Adjacent to the deep well is a limestone cliff. Signs are posted that jumping off the cliff is not allowed. Park officials will enforce the cliff jumping ban. Jumping off the cliff is also dangerous as the water surrounding the deep hole is very shallow and it is easy to misjudge your landing. Even if you judge your landing correctly, a simple jump and rapid descent left one of our party unable to hear from his left ear for several days. Despite the danger many people still jump off the cliffs anyway, either from the high boulder or the low ledge, often to their own detriment.

Landa Park

Surfing the Tube Chute at Llanda Park
New Braunfels is one of the places that is distinguished by being one of the first towns in Central Texas to ban disposable drink containers. This ban was brought about due to excessive trash and unruly behavior.

The Comal River is the shortest navigable river in Texas. It originates at a spring and runs 2.5 miles where it joins the Guadalupe River. It runs entirely in the city of New Braunfels. The water is clear and cold (72F) year round.

The highlight of swimming in the Comal is undoubtedly “the tube chute”. The best part is the part that runs from the calm part to the rapids below. The chute is mossy on the bottom, and you are faced with a choice to run it with or without a tube.

If you run the chute without a tube you can actually stand and surf for a bit until you are unceremoniously dumped at the bottom. At the bottom you can shoot off to the right as quick as you can swim and as hard as you can pull. Then, grab the rusty banister to the stairs. If you stay left or fail to exit right you will be engulfed in the plume of the discharge and it will pull you under. After being pulled under, you’ll be looking up at the world going by through the clear water above and thinking you’ve taken your last breath and what a good (or bad) life it has been. Just about the time you’ve come to accept your mortality, you get spit out sputtering breathless and grateful you are still alive.

Most people take the tube chute on a tube, which makes the lower part of the falls easier and less frightening.

The lower part of the river is surrounded by a public park complete with barbeque grills and picnic tables. The water here is slower moving and provides better access for children and those who need less adrenaline in their lives.

Christoval

Rope Swing at Christoval
Christoval is unique among swimming holes in Texas. To start with it is in West Texas, a part of the world known for friendly people and dry land, not a part of the world not known for swimming holes. It almost seems unfair to start with the West Texas friendliness and also add some giant cypress trees lining a pristine river.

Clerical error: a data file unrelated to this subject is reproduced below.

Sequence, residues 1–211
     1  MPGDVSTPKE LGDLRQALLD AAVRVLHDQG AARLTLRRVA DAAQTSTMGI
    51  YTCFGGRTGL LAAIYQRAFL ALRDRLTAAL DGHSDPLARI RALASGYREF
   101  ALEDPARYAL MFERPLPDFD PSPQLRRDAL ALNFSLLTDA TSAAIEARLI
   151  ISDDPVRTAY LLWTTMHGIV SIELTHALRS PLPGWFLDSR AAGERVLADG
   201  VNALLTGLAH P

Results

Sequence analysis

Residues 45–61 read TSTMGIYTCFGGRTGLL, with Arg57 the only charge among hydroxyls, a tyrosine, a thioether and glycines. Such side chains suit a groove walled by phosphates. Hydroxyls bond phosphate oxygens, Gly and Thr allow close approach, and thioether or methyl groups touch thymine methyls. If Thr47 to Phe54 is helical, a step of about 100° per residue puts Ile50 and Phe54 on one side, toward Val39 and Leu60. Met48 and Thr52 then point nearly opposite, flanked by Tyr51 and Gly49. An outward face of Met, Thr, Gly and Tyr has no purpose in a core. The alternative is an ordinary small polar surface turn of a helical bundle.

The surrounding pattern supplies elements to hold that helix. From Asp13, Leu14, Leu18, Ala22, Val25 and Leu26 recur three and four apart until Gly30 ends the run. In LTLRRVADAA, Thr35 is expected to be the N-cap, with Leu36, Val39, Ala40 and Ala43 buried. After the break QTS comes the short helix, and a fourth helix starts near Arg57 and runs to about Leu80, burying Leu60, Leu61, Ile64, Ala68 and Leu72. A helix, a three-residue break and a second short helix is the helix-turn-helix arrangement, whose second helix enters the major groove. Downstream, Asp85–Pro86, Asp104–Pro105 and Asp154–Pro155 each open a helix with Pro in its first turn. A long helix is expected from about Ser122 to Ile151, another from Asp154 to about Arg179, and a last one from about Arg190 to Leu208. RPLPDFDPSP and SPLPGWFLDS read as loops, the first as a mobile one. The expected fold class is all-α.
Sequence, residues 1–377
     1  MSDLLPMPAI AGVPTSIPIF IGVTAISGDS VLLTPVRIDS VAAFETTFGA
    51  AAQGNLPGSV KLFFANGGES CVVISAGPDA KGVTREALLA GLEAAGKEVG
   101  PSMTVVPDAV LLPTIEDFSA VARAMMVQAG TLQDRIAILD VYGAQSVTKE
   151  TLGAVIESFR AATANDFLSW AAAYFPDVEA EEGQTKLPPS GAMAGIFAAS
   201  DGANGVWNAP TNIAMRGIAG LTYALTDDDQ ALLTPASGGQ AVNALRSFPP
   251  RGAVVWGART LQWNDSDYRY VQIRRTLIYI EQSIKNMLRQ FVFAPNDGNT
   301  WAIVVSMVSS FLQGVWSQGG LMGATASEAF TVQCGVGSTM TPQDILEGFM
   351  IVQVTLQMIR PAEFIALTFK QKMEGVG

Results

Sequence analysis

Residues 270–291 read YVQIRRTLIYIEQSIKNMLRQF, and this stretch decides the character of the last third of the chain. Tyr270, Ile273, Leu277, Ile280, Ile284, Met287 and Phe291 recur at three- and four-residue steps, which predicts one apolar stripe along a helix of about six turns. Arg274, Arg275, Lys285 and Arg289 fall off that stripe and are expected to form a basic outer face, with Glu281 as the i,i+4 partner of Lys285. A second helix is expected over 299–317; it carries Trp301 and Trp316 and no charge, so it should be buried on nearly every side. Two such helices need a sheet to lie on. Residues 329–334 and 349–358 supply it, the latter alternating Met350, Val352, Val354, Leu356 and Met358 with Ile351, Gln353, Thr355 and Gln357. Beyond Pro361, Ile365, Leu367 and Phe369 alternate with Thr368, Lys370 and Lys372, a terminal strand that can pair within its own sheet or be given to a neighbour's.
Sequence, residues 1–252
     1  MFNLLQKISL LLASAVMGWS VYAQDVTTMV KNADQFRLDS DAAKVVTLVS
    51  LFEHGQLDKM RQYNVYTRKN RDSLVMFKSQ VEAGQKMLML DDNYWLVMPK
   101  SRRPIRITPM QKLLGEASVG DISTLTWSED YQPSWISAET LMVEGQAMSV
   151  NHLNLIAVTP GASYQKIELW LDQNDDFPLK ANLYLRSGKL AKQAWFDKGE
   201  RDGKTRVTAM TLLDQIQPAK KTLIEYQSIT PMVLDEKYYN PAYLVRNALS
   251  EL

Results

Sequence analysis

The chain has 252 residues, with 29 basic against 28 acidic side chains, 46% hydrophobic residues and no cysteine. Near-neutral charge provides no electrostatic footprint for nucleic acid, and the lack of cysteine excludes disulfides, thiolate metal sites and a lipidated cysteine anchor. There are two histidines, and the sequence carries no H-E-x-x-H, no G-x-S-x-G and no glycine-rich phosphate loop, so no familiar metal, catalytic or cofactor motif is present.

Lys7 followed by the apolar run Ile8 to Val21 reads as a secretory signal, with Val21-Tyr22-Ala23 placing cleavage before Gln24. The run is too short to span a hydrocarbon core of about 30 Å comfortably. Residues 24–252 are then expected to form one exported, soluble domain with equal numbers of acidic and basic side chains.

Like many towns in Texas, the pronunciation of Christoval is a shibboleth. You know you are in West Texas because in East Texas they would pronounce the name with three syllables “Christ-o-val”, but in West Texas the locals say it with one syllable that doesn’t seem to have vowels “Chrstobl”.

The nearest city of larger population is San Angelo, home of Goodfellow Air Force Base. Goodfellow is a non-flying Air Force base that is home to the 344th Military Intelligence Battalion and where a lot of intelligence training is done. When these best and brightest of our country find themselves with some leave on a Saturday afternoon they are astute enough to pool their money and fill every seat in the cab they pay to take them down the road to Christoval. The real A students hire a van.

The intelligence training shows in what we are declaring the best rope swing in all of Texas. Thickest & sturdiest rope, check. Three ropes of varying length so you can launch from any height on the giant cypress tree, check. Deep water, check. Retrieval line you can use to get the rope back but that you can also wrap around the rope so it doesn’t catch your leg, check. Multiple smaller rope swings aplenty in case the main one gets crowded, check. Tree sturdy enough to hold four young men at a time on the rope, check.

There is also great fishing, in our visit we caught a crappie and a catfish with just a couple hours of fishing. Entrance is free and camping is free, which is just an unbeatable price. We wouldn’t mind paying a dollar or two if they’d fix the only drawbacks of this otherwise stellar spot, a sub-par porta potty situation and a bit of a litter problem.

In the end Christoval is the kind of place you don’t want to leave. It’s the kind of place that makes you contemplate leaving the big city and working a hard and unforgiving ranch in West Texas just so you could spend your weekends fishing and swimming in a wonderful place like this.